Freeland's mini budget waives interest on student loans, sending more money to low-income workers

Ottawa offers $30.6 billion in new spending as it braces for recession next year

Finance Minister Chrystia Freeland submitted her fall economic statement Thursday - a multi-billion dollar plan that calls for more spending even as the economy is on the verge of recession, with interest rates set to move higher.

While Freeland has promised fiscal prudence in this era of very high inflation, the mini-budget proposes a new program to help some of the people hardest hit by rising prices - including students and low-income workers - and to launch what it calls "an industrial policy that is real and strong” to position Canada for future economic growth.

Freeland announced that all federal student and internship loans will be permanently interest-free and launched a multi-billion dollar plan to automatically send Canada Workers Benefit (CWB) payments to eligible persons in the previous tax year.

The document also includes plans to match some of the clean energy incentives recently introduced in the United States through the US Inflation Reduction Act, which the government sees as a threat to future investment in Canada.

The government's current fiscal health is much better than expected thanks to higher oil prices and growth in personal and corporate taxes.

Freeland told the House of Commons Thursday that the improvement in the federal fiscal picture "did not come by chance."

"It's happened because people are struggling through COVID, they are keeping their business, they are continuing to work and operate," he said. "And that's why Canada is in this pretty extraordinary position by significantly outperforming our forecasts in the budget in April."

Freeland's spring budget projects a $52.8 billion deficit for fiscal year 2022-23. Now, the fall economic statement predicts a $36.4 billion deficit.

That's still much higher than the $23 billion deficit Ottawa could have posted had it saved more of the windfall than it allocated to new programs.

Asked whether it was appropriate to spend some of the newfound revenue with the economy in a precarious state, Freeland said the government had "chosen to invest those profits."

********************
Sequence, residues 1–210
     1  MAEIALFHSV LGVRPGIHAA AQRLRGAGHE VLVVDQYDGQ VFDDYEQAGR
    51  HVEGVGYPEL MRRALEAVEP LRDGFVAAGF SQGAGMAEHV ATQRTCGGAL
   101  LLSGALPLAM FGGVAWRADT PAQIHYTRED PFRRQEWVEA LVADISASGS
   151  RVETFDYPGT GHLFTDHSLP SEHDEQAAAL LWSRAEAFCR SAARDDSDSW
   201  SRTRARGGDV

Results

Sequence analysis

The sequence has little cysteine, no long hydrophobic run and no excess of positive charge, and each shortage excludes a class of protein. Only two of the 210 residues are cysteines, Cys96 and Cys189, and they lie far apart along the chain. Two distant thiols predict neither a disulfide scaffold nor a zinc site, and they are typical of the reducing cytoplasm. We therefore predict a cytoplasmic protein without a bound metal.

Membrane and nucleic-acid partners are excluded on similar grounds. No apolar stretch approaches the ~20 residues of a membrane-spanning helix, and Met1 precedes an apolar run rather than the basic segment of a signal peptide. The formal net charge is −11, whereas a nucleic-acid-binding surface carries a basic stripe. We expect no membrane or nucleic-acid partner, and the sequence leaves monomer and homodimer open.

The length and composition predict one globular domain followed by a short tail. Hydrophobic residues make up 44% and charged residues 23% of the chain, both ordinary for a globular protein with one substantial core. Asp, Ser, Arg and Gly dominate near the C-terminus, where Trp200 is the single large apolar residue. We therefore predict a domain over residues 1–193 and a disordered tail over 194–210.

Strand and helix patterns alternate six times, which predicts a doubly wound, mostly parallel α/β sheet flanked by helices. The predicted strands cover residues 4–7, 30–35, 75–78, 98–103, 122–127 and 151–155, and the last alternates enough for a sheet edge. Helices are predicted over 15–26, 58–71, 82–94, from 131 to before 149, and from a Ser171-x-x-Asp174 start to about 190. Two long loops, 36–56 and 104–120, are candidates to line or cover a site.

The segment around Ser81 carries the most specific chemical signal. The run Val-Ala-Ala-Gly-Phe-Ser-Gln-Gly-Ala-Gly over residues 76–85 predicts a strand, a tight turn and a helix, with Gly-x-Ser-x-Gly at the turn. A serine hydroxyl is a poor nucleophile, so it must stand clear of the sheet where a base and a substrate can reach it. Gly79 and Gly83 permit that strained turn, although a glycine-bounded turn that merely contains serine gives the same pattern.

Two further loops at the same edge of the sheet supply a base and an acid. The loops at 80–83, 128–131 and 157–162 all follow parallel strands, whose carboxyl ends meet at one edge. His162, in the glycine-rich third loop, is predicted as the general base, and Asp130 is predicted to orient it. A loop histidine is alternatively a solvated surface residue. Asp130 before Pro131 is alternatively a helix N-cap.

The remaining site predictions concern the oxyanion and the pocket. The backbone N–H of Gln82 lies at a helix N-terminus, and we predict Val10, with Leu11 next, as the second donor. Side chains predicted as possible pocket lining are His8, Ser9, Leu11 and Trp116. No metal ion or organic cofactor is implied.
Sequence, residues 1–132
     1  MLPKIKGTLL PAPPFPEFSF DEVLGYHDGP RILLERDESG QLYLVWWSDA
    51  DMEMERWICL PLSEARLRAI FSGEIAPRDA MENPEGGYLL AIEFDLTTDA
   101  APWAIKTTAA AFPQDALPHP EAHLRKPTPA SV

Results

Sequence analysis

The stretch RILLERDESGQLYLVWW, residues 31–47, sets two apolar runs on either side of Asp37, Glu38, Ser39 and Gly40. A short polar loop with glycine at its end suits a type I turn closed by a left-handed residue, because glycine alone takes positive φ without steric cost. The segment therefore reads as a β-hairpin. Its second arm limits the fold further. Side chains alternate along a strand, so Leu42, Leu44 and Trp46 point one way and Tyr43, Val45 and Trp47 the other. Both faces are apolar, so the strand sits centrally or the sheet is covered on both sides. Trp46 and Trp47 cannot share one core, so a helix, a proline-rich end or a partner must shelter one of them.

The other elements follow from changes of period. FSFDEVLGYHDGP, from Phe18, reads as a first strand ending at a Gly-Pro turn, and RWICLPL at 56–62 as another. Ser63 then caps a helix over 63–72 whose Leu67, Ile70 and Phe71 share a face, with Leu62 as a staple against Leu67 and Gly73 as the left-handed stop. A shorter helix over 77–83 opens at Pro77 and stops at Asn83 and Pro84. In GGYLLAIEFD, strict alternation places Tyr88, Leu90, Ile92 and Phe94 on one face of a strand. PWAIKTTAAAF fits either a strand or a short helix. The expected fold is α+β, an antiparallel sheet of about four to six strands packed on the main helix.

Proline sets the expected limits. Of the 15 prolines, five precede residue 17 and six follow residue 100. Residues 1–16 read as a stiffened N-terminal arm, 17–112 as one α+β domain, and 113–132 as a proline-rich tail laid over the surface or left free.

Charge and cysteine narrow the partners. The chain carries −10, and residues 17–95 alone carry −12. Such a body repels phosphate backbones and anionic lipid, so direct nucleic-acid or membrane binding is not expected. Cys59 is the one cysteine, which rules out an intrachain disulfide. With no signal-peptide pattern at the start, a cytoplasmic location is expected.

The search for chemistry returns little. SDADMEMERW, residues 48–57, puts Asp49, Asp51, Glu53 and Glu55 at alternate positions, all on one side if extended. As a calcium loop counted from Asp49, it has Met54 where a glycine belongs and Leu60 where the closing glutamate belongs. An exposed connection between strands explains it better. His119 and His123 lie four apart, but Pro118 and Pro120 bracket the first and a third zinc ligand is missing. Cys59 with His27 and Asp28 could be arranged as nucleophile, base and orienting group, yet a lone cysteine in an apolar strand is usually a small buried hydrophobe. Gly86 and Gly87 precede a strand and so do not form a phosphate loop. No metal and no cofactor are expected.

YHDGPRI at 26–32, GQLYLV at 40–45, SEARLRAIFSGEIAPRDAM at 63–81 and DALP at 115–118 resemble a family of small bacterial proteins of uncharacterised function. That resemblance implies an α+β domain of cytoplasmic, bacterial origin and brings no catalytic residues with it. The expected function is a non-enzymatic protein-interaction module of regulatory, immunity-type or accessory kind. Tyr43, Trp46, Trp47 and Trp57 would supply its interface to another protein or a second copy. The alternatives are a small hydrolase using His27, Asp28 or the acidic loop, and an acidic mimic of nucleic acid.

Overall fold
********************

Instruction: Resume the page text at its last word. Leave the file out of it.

The government conjures up two goals, Freeland says: it wants to avoid fueling inflation while also supporting people hard-hit by rising cost of living.

"We need to strike a balance today between, on the one hand, being fiscally responsible, keeping our powder dry, given the uncertainty of the global economy and, on the other hand, being compassionate, providing support to people who need it," Freeland told journalist.

There is a risk that the projected $36.4 billion deficit may never materialize. The deficit could end up much worse — because the economy is faltering.

The government fears the economy could slip into recession next year as the Bank of Canada's aggressive interest rate hikes substantially slow the once-hot economy.

Private sector economists surveyed by Ottawa projected real GDP growth to be just above zero for the next several quarters. That would push Canada's unemployment rate up from 5.2 percent currently to 6.3 percent by the end of next year.

The federal government presented what it called a "downturn scenario" for growth and employment - in which a recession results in thousands of jobs being lost, fewer taxes being collected, a spike in job insurance (EI) payments, an increase in the cost of servicing debt and a much higher deficit: $49, 1 billion by 2022-23.

'Our economy is slowing'

This "downgrade scenario" is not without possibility, the government said. In fact, Freeland's department said Thursday "the balance of risks to the growth outlook is tilted to the downside."

"This is a challenging time for millions of Canadians. It is important for me to be honest with Canadians about the challenges that lie ahead," Freeland said in his speech Thursday.

"Interest rates go up when the central bank steps in to tackle inflation. That means our economy is slowing down."

Conservative leader Pierre Poilievre lashed out at Prime Minister Justin Trudeau over the fiscal paperwork, accusing him of being involved in a "massive money-printing party."

Speaking in the Commons, Poilievre said that federal government spending fuels inflation, driving up the cost of everyday goods. The government maintains the pandemic, supply chain disruptions and war in Ukraine are to blame for rising prices.

Poilievre said Freeland's "inflation scheme", which proposes $6.1 billion more in spending for this fiscal year alone, will only make things worse.

"Insanity is doing the same thing over and over again and expecting different results. Stop the madness, stop inflation," said Poilievre, who declined to answer reporters' questions afterward. This article was written by EDUKASI CAMPUS.

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